The debate regarding the polycarbonate substance called BPA and its use in plastic baby bottles continues, read their statement.
The debate regarding the polycarbonate substance called BPA and its use in plastic baby bottles continues. The following is a response to Fit Pregnancy's request for the Food and Drug Administration's most current position on BPA use. The statement comes from the FDA's Office of Food Additive Safety and was sent by biologist Julie N. Mayer, M.F.S. on July 31, 2007.
The FDA is unaware of any specific study in which humans exposed to BPA through any food containers experienced miscarriages, birth defects or cancer. Furthermore, human exposure levels to BPA from its use in food contact materials is in fact many orders of magnitude lower than the levels of BPA that showed no adverse effects in animal studies.
BPA is used in the manufacture of two types of polymers regulated in the U.S. Code of Federal Regulations for use in food-contact articles ... [These] polymers are, for the most part, intended for repeated contact with food. Typical uses include food processing equipment such as popcorn makers, and water and infant bottles intended for repeat use.
Both types are themselves high molecular weight long chain polymers that will not migrate to food, [but] they do contain small amounts of residual BPA that can migrate to food. Therefore, as part of FDA's pre-market safety review of all such substances, the agency evaluated the cumulative dietary exposure to BPA resulting from the intended use of these food contact polymers. FDA found that the small amounts of BPA that migrated into food from the use of polycarbonate-based polymers and BPA-based epoxy coatings resulted in a cumulative dietary concentration of 3.7 ppb, an extremely low level, and well below the levels that showed no adverse effects in animal studies.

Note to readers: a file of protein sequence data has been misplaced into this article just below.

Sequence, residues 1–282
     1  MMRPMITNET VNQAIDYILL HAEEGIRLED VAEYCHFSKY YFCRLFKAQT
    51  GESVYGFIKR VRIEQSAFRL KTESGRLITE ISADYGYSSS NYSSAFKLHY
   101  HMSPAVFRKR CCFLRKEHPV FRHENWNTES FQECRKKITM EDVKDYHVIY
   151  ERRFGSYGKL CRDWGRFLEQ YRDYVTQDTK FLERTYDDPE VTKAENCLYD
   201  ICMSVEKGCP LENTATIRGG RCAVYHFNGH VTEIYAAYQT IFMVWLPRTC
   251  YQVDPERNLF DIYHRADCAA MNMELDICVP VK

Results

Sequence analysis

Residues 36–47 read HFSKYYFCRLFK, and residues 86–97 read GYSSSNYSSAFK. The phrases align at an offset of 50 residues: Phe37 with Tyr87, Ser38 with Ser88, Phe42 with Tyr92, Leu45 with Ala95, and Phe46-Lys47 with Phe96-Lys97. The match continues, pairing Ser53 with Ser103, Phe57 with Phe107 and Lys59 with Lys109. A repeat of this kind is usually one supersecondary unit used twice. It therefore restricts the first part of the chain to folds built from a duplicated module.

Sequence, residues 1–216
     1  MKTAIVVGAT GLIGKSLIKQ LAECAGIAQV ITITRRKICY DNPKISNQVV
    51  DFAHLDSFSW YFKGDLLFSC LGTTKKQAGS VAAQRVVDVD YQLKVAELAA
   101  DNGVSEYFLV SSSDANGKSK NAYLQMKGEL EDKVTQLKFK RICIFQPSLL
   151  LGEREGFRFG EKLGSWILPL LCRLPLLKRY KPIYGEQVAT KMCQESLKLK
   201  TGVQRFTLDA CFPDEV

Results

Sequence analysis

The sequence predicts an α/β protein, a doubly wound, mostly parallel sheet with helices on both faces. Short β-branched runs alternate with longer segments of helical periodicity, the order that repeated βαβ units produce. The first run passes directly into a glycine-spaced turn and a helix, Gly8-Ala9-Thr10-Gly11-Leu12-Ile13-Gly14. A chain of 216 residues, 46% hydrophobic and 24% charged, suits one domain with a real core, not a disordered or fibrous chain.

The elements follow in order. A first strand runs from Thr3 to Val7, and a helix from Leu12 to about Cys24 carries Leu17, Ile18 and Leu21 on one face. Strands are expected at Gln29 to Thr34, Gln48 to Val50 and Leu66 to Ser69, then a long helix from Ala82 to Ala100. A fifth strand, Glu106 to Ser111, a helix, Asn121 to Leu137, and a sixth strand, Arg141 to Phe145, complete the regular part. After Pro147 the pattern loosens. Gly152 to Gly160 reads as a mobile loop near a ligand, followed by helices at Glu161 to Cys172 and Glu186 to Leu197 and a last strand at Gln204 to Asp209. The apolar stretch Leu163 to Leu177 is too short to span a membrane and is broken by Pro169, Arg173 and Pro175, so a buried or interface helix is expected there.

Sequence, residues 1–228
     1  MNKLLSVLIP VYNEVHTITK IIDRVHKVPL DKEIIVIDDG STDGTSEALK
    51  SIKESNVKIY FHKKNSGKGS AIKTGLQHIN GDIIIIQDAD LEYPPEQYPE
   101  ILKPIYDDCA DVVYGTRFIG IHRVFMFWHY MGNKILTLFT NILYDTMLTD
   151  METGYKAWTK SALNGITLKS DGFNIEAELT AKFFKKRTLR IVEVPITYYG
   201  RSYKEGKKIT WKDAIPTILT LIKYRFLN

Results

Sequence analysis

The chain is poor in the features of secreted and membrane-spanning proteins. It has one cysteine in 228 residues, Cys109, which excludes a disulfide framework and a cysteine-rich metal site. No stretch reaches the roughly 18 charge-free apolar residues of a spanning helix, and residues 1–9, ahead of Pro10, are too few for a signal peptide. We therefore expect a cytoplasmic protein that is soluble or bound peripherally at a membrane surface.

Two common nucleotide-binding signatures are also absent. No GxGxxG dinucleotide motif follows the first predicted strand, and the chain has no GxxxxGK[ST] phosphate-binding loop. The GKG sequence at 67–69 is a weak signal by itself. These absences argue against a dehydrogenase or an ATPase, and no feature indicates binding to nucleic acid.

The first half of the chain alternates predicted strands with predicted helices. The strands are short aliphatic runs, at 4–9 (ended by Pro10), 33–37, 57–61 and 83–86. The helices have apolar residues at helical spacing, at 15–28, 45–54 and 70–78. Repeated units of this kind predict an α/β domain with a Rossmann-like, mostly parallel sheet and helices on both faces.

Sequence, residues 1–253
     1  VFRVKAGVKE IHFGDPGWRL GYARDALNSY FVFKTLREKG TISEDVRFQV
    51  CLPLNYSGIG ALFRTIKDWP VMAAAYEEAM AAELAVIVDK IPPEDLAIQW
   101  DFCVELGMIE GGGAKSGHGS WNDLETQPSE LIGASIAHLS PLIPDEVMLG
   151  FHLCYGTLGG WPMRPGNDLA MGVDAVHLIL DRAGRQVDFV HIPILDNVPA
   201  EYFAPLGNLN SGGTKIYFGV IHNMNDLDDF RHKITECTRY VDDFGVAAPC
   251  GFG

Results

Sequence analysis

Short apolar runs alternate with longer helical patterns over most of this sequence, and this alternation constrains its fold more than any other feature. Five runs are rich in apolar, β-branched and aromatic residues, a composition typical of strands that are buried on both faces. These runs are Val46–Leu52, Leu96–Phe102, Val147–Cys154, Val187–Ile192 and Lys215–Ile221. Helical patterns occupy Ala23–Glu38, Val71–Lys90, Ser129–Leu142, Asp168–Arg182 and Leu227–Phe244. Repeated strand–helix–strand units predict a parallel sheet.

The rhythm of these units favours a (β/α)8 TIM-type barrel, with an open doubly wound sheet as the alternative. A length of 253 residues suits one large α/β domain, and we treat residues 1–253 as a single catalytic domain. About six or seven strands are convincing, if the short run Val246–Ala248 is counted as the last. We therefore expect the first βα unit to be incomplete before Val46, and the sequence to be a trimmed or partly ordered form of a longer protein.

Several debates currently exist in the scientific literature regarding potential reproductive and developmental effects of BPA and a possible low dose effect. References used in recent press reports cite studies showing extremely low "no observed adverse effect levels" (NOAELs) for BPA, and these studies are used as the basis for claiming that BPA is unsafe. However, further examination of the cited references indicates that the bases for these low values are studies for which significant debate exists regarding the animal model utilized, the statistical analysis of the data, the use of multiple/correctly spaced doses in the experimental protocol, the relationship of the observed finding to long term exposure, and the route of administration.
Although the debate continues regarding the methods used in these studies, additional reproductive studies that have been conducted in mice and rats, based on the use of well-established regulatory guidelines, a range of high and low dose exposures and good laboratory practices, do not indicate a safety concern at the current cumulative exposure.
In other words, the dietary exposure to BPA from all food contact materials is thousands of times lower than the levels that showed no adverse effects in animals. This margin is sufficiently large such that FDA has confidence that no safety concern exists for BPA in regulated food contact materials.
Furthermore, FDA has determined that the use of polycarbonate-based baby bottles and BPA-based epoxy coated cans used to hold infant formula is safe.
Therefore, FDA sees no reason at this time to ban or otherwise restrict the currently authorized food contact applications of polycarbonate polymers and BPA-based coatings. However, if new information becomes available to indicate that existing data no longer support the continued safe use of these materials, FDA will take appropriate regulatory action to remove these materials from the marketplace.
Julie N. Mayer, M.F.S.
Office of Food Additive Safety
Center for Food Safety and Applied Nutrition